Beliefnet
Until recently conservatives had strong views on crime (it should be punished). They dug in their heels around the death penalty as the ultimate vindication of the law and the social order that created that law. If an eye-for-an eye was good enough for God, it was good enough for most Republicans.

Liberals traditionally took a relative view of crime, considering all the environmental issues that twisted a person toward crime. The major implication: most criminals are merely conforming to what society expects of them. So you see, in certain relativistic, liberal perspective, most criminals became victims. The bleeding hearts wondered how such victimization could be undone. They sought therapeutic closure over swift, definitive punishment. They even wondered by what authority they could derive this godlike power to tinker with a criminal's life.

That was in a simpler time, when the battle lines were clearly drawn. Nowadays, the pendulum swings. First, outgoing Illinois Governor George Ryan suspended the use of the death penalty. Now others are joining him in the call to eliminate capitol punishment. The Maryland General Assembly is debating a bill that would outlaw the practice. Alarming evidence that innocent people are being sent to death row buoys their call.

In their book, "Actual Innocence," superlawyers Barry Scheck, Peter Neufeld and Jim Dwyer tell the story of ten men who were wrongly convicted. Backed by advances in DNA testing, the book implies that countless other wrongfully convicted prisoners are languishing in jail, some on death row. The book offers compelling evidence of police negligence, while noting that blacks and the poor are given the death penalty in disproportionate numbers.

Needless to say, the reaction among conservatives has been panic. Prominent conservatives George W. Will and Pat Robertson have led a call for a moratorium on the death penalty. They believe that if prejudice and ineptitude corrupt the legal system, the death penalty will no longer serve to maintain the social order.

Will and Robertson have a good point--they just don't know what it is. The morality of the death penalty and the flaws in our legal system are two separate issues. One issue deals with prejudices in the machinery of the court system or a cop's belief in the infallibility of his instincts. The other deals with whether it is actually moral for the state to take another's life. If we say the system is so flawed that we cannot trust it to administer the death penalty, then, by that same logic, we should place a moratorium on jail time--at least until we rethink our entire legal system.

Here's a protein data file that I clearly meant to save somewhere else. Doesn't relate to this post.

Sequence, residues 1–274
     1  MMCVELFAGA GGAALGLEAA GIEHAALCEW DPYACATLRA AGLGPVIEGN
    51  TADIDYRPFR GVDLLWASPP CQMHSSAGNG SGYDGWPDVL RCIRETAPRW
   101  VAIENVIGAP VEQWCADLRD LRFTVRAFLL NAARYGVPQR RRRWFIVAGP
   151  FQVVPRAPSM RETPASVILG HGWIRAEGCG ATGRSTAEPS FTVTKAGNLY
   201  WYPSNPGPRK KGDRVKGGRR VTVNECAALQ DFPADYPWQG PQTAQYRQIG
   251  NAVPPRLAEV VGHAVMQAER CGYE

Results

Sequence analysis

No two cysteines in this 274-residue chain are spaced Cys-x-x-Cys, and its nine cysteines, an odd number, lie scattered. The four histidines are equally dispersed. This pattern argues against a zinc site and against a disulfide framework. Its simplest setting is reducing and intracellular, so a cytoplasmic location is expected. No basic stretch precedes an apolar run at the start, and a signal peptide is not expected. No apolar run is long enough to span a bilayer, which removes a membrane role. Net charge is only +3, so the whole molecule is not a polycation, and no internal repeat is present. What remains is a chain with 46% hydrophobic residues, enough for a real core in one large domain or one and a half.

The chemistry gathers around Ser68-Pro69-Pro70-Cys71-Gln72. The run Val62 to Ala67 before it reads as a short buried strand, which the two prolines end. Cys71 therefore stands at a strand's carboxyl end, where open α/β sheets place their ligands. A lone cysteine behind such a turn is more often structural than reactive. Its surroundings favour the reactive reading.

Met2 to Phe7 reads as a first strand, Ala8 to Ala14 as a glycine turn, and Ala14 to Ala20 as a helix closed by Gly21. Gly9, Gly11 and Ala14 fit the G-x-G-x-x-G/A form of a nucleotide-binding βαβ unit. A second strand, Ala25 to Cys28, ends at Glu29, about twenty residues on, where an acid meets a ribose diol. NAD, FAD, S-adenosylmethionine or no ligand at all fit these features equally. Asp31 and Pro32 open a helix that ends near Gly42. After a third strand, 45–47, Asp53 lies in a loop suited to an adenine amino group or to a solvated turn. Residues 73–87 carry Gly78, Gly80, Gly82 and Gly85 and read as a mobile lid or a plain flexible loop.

Get it? Placing a moratorium on the death penalty does little to address the actual flaws in the legal process. Increased DNA testing, not a death penalty moratorium, would go a long way toward accomplishing this.

As for the morality of the death penalty, the decision to end a criminal's life is perhaps the most solemn decision the state can make. This tinkering with life is never easy. We apply the death penalty as a final punishment, in hopes that the very existence of the death penalty will, in the long run, form some sort of deterrence to capital crimes. In this sense, the death penalty is not only a final testament to the sanctity of innocent life, but to the sanctity of our social order as well.

Of course, there are those who will argue that the government is violating the sanctity of life when it administers a toxic gas designed specifically to kill a criminal. What this argument fails to consider is that a criminal makes a conscious choice to commit a crime. He considers the risk of getting caught and punished, and chooses to proceed anyway. When the legal system demands that a criminal take responsibility for a capital crime, it is not the legal system that is showing a disregard for the sanctity of life. Rather, it is the criminal who showed disregard for the sanctity of his own life when he knowingly chose to commit a crime that carried the death penalty.

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